But Smooth, who wasn’t part of the She the People survey, said one option for voters of color is “to just stay home.”
“I really thought the Democratic Party had heard and had realized the option, but apparently not,” Smooth said.
Women raise concerns about Biden’s comments, campaign
Among the concerns raised by women in the survey was an interview in May on Charlamagne tha God’s popular radio show, “The Breakfast Club,” during which Biden touted his record on civil rights. At the end of the at-times contentious interview, Biden said: “If you have a problem figuring out whether you’re for me or Trump, then you ain’t black.”
The third-ranking member of House leadership, Rep. James Clyburn, D-S.C., whose support as an African-American leader was crucial for Biden, said he “cringed” at the comments. He maintained his support.
Christina Tzintzún Ramirez, a founder of the voting-rights group Jolt in Texas, worried that Biden hasn’t detailed how, as president, he would remedy economic and health disparities that plague Black and Hispanic communities – issues that have become more acute during the coronavirus pandemic.
“He has an opportunity that we want to see him seize to be able to talk about how he can address those massive disparities that our communities are suffering from,” said Ramirez, who endorsed Biden and who said the campaign has reached out to Latino groups in Texas. “Our job is to push candidates and campaigns and parties to deliver the real change that we need.”
Andrea Mercado, executive director of the advocacy group New Florida Majority, wants to see Biden make more commitments to his racial justice platform and talk more about policing policies.
She also hopes Biden doesn’t rely on traditional campaigning, especially during a pandemic.
“We’re hoping Biden won’t just run a traditional campaign run by operatives in D.C., but will really tap into community organizing and energizing the electorate that we need to deliver a resounding defeat of Trumpism in November,” she said.
The women also worried about the lack of support so far from the Biden campaign for candidates running in state and local elections. In Arizona, Arredondo said, voters are excited to hear what elected officials will do about education, health care, marijuana and immigration, in offices from city council to mayor to governor.
Biden tailored his state-based campaigns so that Arizona will operate differently from Michigan or Florida, campaign officials said. The national campaign will build on the success of local candidates who already organized their communities like Mark Kelly, the Democratic Senate candidate in Arizona, officials said.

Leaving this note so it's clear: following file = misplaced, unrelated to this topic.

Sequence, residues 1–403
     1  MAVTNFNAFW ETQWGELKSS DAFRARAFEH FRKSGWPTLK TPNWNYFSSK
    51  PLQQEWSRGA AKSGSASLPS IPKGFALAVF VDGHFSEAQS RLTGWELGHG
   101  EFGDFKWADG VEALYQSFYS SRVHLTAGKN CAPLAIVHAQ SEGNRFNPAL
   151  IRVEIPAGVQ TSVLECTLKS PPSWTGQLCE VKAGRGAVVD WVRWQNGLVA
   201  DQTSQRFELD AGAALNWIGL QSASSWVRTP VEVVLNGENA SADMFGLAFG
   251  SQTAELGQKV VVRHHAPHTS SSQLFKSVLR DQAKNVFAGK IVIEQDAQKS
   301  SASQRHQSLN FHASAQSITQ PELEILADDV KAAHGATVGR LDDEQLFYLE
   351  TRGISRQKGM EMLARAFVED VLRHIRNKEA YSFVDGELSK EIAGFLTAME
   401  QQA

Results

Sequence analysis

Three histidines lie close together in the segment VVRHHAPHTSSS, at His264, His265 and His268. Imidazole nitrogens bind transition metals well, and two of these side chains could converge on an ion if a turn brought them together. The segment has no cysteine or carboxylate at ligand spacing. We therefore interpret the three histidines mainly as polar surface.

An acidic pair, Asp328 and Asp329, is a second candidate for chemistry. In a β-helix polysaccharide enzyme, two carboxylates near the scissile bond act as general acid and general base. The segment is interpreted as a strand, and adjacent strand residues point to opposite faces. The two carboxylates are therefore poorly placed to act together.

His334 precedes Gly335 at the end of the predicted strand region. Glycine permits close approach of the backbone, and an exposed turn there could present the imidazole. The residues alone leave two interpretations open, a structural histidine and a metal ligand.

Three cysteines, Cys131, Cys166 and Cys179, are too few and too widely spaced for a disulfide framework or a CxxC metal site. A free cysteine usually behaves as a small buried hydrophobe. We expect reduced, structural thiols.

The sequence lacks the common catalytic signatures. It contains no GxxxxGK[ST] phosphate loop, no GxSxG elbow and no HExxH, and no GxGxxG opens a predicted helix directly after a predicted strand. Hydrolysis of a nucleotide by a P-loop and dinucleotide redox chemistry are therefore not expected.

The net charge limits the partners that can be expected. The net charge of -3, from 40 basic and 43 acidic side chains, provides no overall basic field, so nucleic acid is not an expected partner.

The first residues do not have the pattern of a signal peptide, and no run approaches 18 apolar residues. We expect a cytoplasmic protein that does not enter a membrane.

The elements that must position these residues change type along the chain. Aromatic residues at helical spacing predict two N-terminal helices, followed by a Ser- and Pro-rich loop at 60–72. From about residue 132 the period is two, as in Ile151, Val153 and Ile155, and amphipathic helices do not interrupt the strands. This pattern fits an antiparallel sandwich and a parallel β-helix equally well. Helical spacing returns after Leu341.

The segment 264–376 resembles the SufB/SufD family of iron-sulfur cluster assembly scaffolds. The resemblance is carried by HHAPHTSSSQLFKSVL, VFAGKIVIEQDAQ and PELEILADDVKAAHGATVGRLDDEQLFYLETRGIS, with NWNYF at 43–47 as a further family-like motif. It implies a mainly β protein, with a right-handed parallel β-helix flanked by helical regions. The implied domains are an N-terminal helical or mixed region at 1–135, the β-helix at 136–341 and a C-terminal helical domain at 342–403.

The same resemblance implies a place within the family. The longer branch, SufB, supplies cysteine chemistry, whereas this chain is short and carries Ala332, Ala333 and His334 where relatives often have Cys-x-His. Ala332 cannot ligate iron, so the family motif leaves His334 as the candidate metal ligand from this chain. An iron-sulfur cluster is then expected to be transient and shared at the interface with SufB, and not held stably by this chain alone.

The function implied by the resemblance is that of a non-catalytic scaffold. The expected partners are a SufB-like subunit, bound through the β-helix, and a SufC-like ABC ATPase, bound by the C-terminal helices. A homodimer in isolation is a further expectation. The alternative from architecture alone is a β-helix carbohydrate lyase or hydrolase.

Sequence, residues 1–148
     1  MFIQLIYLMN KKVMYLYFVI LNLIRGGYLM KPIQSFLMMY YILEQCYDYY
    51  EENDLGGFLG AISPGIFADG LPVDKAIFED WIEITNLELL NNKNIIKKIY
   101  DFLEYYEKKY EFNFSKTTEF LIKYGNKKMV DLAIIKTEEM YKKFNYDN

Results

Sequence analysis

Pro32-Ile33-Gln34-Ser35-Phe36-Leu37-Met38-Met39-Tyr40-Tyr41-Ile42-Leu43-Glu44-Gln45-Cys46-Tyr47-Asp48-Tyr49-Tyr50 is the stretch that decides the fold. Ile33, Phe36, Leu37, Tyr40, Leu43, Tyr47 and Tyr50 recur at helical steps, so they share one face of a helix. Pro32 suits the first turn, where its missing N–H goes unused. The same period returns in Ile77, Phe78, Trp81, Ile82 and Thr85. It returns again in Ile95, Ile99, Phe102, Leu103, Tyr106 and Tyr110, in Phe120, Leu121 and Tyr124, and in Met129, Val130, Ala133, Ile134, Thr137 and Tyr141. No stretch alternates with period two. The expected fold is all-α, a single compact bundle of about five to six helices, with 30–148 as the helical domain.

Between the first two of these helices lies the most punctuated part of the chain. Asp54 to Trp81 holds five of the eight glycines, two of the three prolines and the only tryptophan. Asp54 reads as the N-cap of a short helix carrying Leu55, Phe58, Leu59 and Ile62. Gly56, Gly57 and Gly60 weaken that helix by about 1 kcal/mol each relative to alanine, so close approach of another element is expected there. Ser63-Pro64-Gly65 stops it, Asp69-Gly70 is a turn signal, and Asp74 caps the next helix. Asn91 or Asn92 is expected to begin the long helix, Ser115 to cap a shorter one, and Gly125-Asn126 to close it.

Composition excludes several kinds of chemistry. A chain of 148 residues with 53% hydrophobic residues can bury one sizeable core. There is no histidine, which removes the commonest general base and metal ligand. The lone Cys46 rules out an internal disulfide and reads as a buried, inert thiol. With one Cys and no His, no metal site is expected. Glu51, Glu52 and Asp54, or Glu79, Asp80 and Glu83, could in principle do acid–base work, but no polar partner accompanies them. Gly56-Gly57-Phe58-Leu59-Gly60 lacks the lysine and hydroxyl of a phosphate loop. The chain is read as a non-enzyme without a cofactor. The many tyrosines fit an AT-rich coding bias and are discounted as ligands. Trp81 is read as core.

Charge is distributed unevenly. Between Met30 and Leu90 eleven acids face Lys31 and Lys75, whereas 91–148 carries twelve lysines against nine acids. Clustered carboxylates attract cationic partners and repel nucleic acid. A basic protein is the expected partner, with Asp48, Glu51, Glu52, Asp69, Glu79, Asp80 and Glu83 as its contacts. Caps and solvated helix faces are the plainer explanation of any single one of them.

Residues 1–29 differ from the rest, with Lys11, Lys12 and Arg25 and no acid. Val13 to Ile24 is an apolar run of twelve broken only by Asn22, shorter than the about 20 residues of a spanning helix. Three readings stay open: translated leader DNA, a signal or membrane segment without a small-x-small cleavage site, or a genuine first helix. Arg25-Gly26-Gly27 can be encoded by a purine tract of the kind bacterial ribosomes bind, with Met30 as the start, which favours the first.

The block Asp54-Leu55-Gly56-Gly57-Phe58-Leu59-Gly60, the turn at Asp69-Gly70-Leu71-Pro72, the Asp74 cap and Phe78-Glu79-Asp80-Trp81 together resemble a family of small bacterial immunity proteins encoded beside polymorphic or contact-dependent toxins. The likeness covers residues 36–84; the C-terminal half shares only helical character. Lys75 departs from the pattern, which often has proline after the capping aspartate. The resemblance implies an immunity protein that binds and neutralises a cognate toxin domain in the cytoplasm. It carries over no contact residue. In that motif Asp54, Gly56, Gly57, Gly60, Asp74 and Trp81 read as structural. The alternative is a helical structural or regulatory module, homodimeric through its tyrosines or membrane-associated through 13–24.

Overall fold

“Vice President Biden believes that it’s not enough if we just elect him president and he doesn’t have a Democratic Senate and House to work with, if he doesn’t have partners across the country in governors and mayors, in state legislatures,” Sanders said.
‘He really does listen to us’
Nia Page, a national co-leader of the Historically Black Colleges and University Students for Biden group, disagreed with the view that Biden’s outreach was insufficient.
She said the candidate pledged $70 billion in January to the institutions that are crucial to the African-American community.
“Joe Biden has a proven track record valuing HBCUs,” said Page, who graduated last month from Spelman College in Atlanta. “He does really listen to us.”
Jessica Holmes, commissioner for Wake County, North Carolina, and member of the Biden campaign’s “kitchen cabinet” that has weekly meetings with the campaign, said she feels that she has personally been heard by the campaign and has contributed to policy development. But she said Biden’s team “should welcome criticism as an opportunity to learn, listen and do better.”
“My experience with the Biden campaign has been very hands-on,” Holmes said.
But Holmes said she lends “credibility to those voices that don’t feel as engaged” and will offer suggestions to the campaign about how to engage voters who likely don’t have access to the internet. Holmes, who is also running to be North Carolina labor commissioner, said campaigns need to adapt during the pandemic, perhaps by returning to more classic ways of campaigning like doing a “phone tree” of supporters calling each other.
“If the Biden team is not reaching segments of the population and segments of the population do not feel heard, it is the team’s responsibility to figure out what those specific concerns are and to address them,” Holmes said. “I think it’s important that we validate the concerns of people who want to hear more and want to be engaged.”
How can Biden address the concerns?
As possible remedies, the women suggested Biden choose a woman of color as his vice presidential running mate, invest in down-ballot races and surround himself with more women advisers.
“Black women are articulating that these things don’t come for free,’’ said Smooth, the Ohio State professor, referring to supporting women candidates in local races and get-out-the-vote efforts. “Black women have continued to become even more seasoned as a political operative group.”
Biden has committed to choosing a woman, but not necessarily a woman of color. But many activists, including several who participated in the She the People survey, said choosing a woman of color would inspire his political base.
“For me, a woman of color is a must,’’ said Allison of She the People. “We have a deep bench.”
Melanie Campbell, chair of Sisters Lead, Sisters Vote, a national political advocacy group, praised Biden’s for hiring what she called “sharp” Black women for his campaign and turning to key advisors in the Congressional Black Caucus such as Democratic Reps. Marcia Fudge of Ohio and Lisa Blunt Rochester of Delaware.
But Campbell and other women talked to Biden and his campaign staffers by phone in May about their push for him to select a Black woman as his running mate. More than 900 women from across the country have signed onto a letter urging Biden to choose a Black woman, she said.
“It’s about enthusiasm especially in the moment that we’re in,” said Campbell, who wasn’t a participant in the listening session. “Black women need to keep pushing this candidate and any other candidate that needs our vote to win.’’
Contributing: Rebecca Morin
This article originally appeared on USA TODAY: Joe Biden falling short on outreach to women of color, group warns